Key messages from Safe Food, Fair Food: Food safety in informally marketed livestock products in sub-Saharan Africa.
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Makita, K., Kang'ethe, E., Zewde, G., Kurwijila, L., Matusse, H., McCrindle, C., Tano-Debrah, K., Bonfoh, B., Costard, S. and Grace, D. 2012. Key messages from Safe Food, Fair Food: Food safety in informally marketed livestock products in sub-Saharan Africa. Poster prepared for the 13th Conference of the International Society of Veterinary Epidemiology and Economics, Maastricht, the Netherlands, 20-24 August 2012. Nairobi, Kenya: ILRI.
Permanent link to this item: http://hdl.handle.net/10568/21779
Internet URL: http://www.slideshare.net/ILRI/isvee-key-messagessfff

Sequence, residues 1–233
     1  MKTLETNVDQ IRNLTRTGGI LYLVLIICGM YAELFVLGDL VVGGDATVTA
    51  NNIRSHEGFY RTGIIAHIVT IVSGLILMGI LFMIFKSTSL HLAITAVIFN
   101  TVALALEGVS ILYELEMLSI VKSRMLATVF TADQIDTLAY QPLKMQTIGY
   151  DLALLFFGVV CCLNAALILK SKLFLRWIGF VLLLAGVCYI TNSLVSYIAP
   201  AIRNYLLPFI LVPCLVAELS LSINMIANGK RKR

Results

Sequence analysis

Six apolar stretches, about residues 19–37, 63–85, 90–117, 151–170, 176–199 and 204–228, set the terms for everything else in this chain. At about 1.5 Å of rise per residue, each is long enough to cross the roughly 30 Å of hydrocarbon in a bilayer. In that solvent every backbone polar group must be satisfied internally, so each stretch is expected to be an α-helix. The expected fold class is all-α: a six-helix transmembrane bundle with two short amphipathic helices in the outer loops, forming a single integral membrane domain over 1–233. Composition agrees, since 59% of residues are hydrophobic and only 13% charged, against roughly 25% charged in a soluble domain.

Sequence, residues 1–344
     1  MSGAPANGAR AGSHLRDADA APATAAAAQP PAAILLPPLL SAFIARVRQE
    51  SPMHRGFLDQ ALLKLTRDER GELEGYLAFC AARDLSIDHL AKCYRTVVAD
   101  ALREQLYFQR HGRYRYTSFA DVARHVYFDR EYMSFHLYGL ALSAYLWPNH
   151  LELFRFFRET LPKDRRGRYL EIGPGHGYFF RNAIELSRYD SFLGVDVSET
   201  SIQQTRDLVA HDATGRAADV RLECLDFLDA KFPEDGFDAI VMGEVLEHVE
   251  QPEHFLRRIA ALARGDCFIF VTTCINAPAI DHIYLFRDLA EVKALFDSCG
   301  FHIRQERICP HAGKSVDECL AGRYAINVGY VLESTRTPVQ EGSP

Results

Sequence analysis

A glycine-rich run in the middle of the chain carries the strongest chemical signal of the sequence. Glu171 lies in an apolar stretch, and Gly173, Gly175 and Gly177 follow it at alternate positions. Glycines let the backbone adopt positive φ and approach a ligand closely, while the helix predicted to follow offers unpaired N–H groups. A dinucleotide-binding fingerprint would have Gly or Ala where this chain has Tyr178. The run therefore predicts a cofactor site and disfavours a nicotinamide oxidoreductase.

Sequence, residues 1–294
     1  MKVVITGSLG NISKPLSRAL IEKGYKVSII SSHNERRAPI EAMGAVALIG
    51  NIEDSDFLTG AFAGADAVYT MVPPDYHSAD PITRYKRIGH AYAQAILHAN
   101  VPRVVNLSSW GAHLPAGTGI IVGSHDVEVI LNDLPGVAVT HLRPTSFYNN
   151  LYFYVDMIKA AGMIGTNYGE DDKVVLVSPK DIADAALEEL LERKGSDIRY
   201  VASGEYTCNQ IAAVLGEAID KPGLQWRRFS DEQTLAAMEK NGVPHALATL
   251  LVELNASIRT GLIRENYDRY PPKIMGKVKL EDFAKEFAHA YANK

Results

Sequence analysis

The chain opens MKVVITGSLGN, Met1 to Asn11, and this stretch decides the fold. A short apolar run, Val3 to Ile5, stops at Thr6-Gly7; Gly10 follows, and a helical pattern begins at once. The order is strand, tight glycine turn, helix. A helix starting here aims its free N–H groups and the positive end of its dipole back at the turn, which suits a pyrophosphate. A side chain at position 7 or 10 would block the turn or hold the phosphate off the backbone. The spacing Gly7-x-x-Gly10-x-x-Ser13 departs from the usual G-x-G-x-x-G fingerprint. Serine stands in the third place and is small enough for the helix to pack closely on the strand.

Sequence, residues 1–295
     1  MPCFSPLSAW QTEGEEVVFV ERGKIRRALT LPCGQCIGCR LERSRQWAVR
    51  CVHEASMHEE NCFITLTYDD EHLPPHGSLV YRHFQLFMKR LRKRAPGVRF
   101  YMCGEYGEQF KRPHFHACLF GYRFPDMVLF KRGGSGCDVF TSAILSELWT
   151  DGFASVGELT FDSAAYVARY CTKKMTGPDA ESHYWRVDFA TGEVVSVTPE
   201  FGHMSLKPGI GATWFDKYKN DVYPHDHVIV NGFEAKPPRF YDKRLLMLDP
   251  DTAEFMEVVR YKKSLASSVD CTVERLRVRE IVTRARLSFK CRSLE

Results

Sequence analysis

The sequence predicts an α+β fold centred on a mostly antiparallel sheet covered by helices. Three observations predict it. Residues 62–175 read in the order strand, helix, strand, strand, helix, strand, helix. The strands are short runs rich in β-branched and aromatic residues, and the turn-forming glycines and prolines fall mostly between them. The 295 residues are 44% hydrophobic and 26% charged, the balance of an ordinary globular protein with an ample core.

In sub Saharan Africa (SSA), 85 to 90% of livestock products are distributed through informal marketing systems which are not always effectively regulated by state services. Food borne diseases (FBD) are potentially serious public health problems but rigorous implementation of food safety measures is difficult due to the limited resources and adverse effects on the livelihoods of actors along value chains. The Safe Food Fair Food project funded by Germany was conducted in 8 SSA countries between 2008 and 2011 to develop capacity in participatory risk assessment to improve food safety while enhancing market access by smallholder farmers. The main activities were food safety country situation analyses, participatory risk assessments and national stakeholder workshops. In total, 21 risk assessment studies were conducted for a variety of livestock products and hazards. Key messages from the project included (1) the realized importance of informal food chains in African economy; (2) risks were less serious than previously perceived; (3) participatory methods were found useful in risk assessment in resource poor SSA countries; and (4) necessity for trans-disciplinary research and action along value chain. In the next phase starting shortly, Safe food Fair food II, involvement of decision makers, integration of multiple-pathogens and socio-economics into risk assessment are hoped to make important changes in addressing food safety issues in sub Saharan Africa.